For me, this, here, now, is New Year - in the sense that a year is an astronomical division of time, and 23-24 December would have been the first time that our ancestors could have been sure that the shortest day (the winter solstice) had come and gone; and the New Year had begun.
I think this accounts for the (approximate) date of Christmas: 1. Wait until the solstice has been and gone and the New Year has begun; 2. Spend a day or two preparing a feast; 3. Have the feast. Hence the feast of the New Year, to celebrate being in the New Year, comes after the event of the solstice.
The connection with a celebration of Jesus's birth is obvious enough, when we think of the analogy between the New Year and the New Era in the history of creation: creation inflects at the life of Jesus. But at what point of the life?
What is born, what begins, with the New Year is the potential, not the actuality. The destined, but not actual, Messiah was born.
The actuality was the Baptism of Jesus: that was when Jesus attained his full divinity and the gifts of divinity (to do miracles, especially to raise Lazarus); but at first he was a 'temporary' and 'local' deity in a mortal body that was doomed to die; and Jesus needed to die and be resurrected before he could attain to permanent full divinity - and with the universal scope of the Holy Ghost.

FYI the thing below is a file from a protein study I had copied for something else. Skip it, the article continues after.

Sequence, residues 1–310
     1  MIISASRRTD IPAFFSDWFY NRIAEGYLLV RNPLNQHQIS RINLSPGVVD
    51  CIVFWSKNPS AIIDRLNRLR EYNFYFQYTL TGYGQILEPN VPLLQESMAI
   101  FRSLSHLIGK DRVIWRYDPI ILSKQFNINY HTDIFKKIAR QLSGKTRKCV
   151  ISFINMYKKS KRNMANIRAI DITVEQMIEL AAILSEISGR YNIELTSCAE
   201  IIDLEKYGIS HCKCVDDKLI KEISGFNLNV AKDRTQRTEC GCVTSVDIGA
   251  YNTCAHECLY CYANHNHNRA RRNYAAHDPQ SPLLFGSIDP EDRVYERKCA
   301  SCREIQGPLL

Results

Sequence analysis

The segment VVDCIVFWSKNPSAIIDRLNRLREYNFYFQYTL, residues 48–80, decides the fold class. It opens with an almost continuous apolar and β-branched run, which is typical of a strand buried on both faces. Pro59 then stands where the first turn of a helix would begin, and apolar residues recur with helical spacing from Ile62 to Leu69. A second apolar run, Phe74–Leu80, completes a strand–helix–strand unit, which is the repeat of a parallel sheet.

Probably therefore, if we want to mark the major events of Jesus's life with feasts; the Baptism of Jesus ought to be the major feast, rather than a minor and rather obscure celebration.
The birth, death and resurrection, ascension and return of Jesus as the Holy Ghost are all vital - but perhaps the Baptism of Jesus, when Jesus was recognised as the Messiah and when the divine spirit descended upon him and stayed with him... well, that was the defining point in the history of the universe! It was the exact point that death was defeated and eternal life became possible (with Lazarus as the first recipient).
But then, Christians have misunderstood the significance of Jesus's baptism since whenever they decided not to take seriously, and thereby accord priority to, the Fourth Gospel.
Anyway, today is the New Year and the birth of the Messiah - who turned-out to bring something so very different from what was expected; and so different from what has since so often been projected upon him.
Luckily for us, we don't need to know much, or do complicated stuff, to benefit from the gift Jesus brought; simply believe him, and follow him - both of which can be summarised as love him.
Love Jesus as we should love our family, as a solid background fact of life; because his gift is precisely to allow us (if we want) to join his family, eternally, as gods - participating in the everlasting work of creation.